Step #1: Observation – Look around you. What do you see (or hear or smell or feel or taste)? That’s right. Use every available opening to collect data about your surroundings and about your opponent. Leave no stone unturned. You only have one rule: Do it as fast as you can.

Step #2: Orientation – Take the information you amassed and look for the patterns that emerge as they relate to the challenge facing you. If you’re playing dodge ball, where is the other team looking to throw the ball? If you’re negotiating with a vendor, what one thing appears most important to them? If you’re trying to close a sale, what one need does the prospect keep talking about?

Step #3: Decision – Based on your analysis in Step #2 of everything you’ve compiled in Step #1, make your decision. What action do you want to take? But don’t pull the trigger yet. The environment might have changed between your decision and when your started Step #1. If that’s the case, go back to Step #1. Otherwise, go on to Step #4.

Step #4: Action – Take what you decided in Step #3 and, well, just do it. Here’s the trick, though. Your action might leave you short of your objective. If that’s the case, return to Step #1 and begin the loop anew.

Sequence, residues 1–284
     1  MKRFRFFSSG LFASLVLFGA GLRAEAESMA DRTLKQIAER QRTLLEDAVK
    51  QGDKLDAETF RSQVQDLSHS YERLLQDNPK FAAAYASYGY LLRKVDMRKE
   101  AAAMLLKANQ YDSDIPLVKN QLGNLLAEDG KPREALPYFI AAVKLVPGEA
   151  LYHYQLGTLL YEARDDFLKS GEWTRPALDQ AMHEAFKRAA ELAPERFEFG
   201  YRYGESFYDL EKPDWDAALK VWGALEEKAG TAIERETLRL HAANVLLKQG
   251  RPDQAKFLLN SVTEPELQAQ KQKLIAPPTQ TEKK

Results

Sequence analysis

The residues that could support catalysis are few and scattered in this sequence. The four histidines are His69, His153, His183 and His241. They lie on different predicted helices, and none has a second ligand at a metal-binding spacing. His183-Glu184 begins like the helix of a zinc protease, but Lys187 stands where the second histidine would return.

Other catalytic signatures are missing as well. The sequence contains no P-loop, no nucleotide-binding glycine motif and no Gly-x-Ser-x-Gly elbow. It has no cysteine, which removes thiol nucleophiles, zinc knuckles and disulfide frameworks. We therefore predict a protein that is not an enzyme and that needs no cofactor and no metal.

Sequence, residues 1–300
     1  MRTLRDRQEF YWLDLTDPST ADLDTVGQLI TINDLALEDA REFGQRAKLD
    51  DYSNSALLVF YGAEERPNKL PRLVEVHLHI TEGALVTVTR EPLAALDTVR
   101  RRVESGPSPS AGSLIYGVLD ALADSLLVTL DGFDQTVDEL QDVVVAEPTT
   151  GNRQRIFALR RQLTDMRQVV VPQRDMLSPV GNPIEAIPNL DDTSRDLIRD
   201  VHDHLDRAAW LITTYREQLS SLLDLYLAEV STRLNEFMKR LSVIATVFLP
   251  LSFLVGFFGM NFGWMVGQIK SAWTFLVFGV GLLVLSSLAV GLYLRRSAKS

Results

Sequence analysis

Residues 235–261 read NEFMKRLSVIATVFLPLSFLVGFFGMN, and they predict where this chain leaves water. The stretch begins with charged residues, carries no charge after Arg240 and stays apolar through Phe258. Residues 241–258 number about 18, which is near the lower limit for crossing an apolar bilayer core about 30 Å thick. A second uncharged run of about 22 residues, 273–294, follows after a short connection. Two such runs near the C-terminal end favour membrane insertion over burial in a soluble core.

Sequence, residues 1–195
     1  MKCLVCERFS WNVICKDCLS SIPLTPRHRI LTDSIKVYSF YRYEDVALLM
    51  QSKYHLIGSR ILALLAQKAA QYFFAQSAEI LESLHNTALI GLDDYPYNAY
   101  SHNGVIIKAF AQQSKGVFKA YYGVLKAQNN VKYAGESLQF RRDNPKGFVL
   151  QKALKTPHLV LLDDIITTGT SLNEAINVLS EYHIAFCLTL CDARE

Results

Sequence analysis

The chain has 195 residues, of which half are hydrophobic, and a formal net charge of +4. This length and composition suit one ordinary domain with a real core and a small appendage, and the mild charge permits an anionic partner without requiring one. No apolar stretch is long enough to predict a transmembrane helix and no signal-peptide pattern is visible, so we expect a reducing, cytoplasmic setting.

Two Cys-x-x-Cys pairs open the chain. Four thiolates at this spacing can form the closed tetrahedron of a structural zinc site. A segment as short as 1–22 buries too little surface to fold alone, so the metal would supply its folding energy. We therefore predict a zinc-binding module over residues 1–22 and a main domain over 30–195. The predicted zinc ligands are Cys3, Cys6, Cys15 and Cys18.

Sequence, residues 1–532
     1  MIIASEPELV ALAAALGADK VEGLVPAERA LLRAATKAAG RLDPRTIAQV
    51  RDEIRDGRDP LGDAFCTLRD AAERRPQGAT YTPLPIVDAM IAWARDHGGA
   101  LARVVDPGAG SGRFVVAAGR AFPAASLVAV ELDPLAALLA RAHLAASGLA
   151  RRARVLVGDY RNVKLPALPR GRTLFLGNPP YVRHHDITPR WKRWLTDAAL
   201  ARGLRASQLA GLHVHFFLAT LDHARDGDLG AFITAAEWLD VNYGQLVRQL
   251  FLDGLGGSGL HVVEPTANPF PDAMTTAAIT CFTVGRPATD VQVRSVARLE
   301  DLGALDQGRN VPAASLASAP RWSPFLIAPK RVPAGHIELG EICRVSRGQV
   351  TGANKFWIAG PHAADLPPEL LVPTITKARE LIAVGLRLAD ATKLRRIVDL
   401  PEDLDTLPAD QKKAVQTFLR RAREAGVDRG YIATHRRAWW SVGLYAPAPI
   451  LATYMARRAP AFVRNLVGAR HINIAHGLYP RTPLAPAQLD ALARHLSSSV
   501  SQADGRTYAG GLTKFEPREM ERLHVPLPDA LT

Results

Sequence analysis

The key to success of the OODA Loop is speed. Harry Hillaker, dubbed “the father of the F-16 Fighting Falcon,” explained the OODA Loop this way: “Time is the dominant parameter. The pilot who goes through the OODA cycle in the shortest time prevails because his opponent is caught responding to situations that have already changed.”

It didn’t take long for the business world to adopt this philosophy. Authors Tom Peters and Robert H. Waterman, Jr. identified this “bias for action” in their 1982 best-selling business book In Search of Excellence. You might be familiar with their phrase “Ready! Fire! Aim!”

So, it’s up to you. Are you willing to practice this system in your life? Do you want to turn certain defeat into victory in less than forty seconds? It’s so easy a sixth grader can do it. And if you don’t believe it, you can read it for yourself in this article, published on the twentieth anniversary of John Boyd’s passing: “Speed versus Accuracy?” (Carosa Commentary, The Mendon-Honeoye Falls-Lima Sentinel, March 9, 2017).